Calls for dogfighting crackdown in South Africa

From ANIMAL PEOPLE, September 2007:

CAPE TOWN, S.A.–Stellenbosch Animal Welfare Society chair
Julia Evans on August 22, 2007 told a mayoral committee that her
organization receives as many as three calls per week about dogfights
held in Cloetesville, Stellenbosch, and that children as young as
eight are used to move dogs from one fight to the next because they
are less likely to be arrested.
Evans’ testimony, reported by Anel Powell of the Cape Times,
was supported a week later by Cape of Good Hope SPCA chief executive
Allan Perrins.

“The SPCA is in possession of explosive information that
could lead to a swoop on organized dog fighting rings across the
country,” wrote Cape Times reporter Natasha Joseph. “Targeted in
the SPCA’s [proposed] crackdown are lawyers, businessmen, dog
breeders, even a veterinarian and a pastor.”
Notice of dogfighting in the Cape Town area increased after a
late July police raid on a home in Woodstock produced evidence that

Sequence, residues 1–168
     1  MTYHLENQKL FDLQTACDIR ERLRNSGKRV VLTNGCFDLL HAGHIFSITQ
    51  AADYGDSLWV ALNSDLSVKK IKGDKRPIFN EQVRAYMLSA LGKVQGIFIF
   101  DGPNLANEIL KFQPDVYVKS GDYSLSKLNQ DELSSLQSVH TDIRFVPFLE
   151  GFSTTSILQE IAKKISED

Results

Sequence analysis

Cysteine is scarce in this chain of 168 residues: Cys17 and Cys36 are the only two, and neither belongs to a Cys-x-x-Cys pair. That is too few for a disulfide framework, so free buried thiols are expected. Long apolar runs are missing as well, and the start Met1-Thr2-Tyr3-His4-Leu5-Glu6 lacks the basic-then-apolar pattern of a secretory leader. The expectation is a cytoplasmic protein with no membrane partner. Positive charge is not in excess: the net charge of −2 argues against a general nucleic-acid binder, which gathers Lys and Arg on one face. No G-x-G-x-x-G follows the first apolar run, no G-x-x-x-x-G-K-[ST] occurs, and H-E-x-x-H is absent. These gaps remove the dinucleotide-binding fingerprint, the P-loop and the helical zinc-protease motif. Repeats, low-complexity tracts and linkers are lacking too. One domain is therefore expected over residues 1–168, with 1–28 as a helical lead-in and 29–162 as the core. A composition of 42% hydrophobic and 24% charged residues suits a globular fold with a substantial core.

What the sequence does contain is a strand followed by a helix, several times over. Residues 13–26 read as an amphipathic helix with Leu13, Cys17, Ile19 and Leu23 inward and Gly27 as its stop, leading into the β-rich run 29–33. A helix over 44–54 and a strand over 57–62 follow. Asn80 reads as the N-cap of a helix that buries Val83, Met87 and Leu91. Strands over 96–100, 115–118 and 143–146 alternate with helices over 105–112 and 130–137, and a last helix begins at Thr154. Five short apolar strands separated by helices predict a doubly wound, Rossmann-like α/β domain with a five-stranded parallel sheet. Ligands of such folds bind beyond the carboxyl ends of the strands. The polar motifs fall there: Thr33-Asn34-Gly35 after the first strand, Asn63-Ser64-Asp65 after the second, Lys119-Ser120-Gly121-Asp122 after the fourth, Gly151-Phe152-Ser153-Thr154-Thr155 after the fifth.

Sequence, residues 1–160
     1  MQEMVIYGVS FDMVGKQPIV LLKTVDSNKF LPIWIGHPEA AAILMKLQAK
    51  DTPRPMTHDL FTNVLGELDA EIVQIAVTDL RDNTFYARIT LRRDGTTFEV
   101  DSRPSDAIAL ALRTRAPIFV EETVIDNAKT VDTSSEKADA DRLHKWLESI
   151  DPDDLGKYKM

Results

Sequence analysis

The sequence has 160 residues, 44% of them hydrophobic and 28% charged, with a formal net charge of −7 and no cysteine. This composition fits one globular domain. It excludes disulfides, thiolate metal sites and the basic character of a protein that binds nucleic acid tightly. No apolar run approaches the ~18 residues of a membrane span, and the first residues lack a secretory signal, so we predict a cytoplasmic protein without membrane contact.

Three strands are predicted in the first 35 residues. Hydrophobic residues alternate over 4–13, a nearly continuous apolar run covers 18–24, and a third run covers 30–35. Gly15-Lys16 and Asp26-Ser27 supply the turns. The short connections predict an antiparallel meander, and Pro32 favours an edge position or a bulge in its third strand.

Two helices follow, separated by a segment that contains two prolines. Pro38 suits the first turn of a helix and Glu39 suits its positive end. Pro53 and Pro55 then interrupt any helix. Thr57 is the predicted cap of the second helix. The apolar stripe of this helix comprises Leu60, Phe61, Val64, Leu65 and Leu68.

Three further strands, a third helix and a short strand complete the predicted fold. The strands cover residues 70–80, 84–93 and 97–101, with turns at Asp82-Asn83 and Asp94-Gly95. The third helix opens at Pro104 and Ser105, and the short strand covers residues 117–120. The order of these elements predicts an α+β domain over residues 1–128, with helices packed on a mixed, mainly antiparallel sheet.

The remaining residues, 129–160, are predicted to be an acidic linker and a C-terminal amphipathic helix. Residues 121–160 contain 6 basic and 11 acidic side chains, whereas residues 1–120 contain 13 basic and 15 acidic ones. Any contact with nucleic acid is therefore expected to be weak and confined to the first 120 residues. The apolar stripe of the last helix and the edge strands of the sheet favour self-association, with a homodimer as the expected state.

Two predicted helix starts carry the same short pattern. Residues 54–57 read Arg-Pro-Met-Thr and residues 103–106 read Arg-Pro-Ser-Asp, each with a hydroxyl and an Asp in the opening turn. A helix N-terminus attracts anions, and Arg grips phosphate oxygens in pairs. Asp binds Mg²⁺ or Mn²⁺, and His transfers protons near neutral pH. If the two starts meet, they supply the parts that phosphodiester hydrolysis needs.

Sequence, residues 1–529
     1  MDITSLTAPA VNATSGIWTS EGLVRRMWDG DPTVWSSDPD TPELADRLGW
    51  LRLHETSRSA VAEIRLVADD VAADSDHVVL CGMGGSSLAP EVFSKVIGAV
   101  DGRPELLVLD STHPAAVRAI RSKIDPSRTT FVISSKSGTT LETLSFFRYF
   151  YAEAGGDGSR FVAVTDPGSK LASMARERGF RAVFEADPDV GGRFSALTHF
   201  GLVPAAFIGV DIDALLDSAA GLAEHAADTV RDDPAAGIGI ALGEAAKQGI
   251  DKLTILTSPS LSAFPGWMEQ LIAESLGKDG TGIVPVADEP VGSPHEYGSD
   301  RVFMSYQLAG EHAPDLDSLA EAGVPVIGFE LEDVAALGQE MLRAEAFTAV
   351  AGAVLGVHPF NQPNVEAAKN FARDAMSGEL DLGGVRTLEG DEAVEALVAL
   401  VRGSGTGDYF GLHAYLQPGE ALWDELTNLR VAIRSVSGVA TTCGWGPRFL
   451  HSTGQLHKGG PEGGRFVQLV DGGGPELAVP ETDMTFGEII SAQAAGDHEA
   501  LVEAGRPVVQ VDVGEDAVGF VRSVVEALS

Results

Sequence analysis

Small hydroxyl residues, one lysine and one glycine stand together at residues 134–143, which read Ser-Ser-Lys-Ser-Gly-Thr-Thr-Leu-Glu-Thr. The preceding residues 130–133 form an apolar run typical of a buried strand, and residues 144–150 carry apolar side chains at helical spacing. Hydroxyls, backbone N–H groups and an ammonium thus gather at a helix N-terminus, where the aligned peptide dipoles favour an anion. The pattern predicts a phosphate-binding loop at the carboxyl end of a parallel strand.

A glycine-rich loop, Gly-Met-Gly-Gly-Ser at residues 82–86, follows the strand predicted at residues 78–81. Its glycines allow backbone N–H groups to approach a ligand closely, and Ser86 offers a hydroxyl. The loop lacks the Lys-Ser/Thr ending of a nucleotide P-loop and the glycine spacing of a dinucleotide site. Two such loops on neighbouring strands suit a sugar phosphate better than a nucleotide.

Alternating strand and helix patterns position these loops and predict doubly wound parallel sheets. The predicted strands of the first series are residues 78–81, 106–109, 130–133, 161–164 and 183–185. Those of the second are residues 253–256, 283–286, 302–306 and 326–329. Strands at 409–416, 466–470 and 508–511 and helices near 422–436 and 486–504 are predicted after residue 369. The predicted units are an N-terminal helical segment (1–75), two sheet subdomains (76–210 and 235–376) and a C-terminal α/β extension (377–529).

dogfighters had invaded the home of a blind person, using the home
as a never-cleaned kennel and fighting arena until neighbors
complained. Eight pit bull terriers and a trained guide dog were
impounded, reported Henri du Plessis of the Cape Argus.
The raid came three weeks after three pit bulls belonging to
a police officer fatally mauled Austin Pieters, 7, in the Northern
Cape district.
The attack caused June Woodman, chair of the 76-year-old
Animal Welfare Society of South Africa, to break from the past
position of the society in calling for a ban on breeding or keeping
pit bulls.
“I’m not saying the dogs are to blame, because they often
fall into the wrong hands and are encouraged to be vicious, but
something needs to be done,” Woodman told Helen Bamford of the Cape

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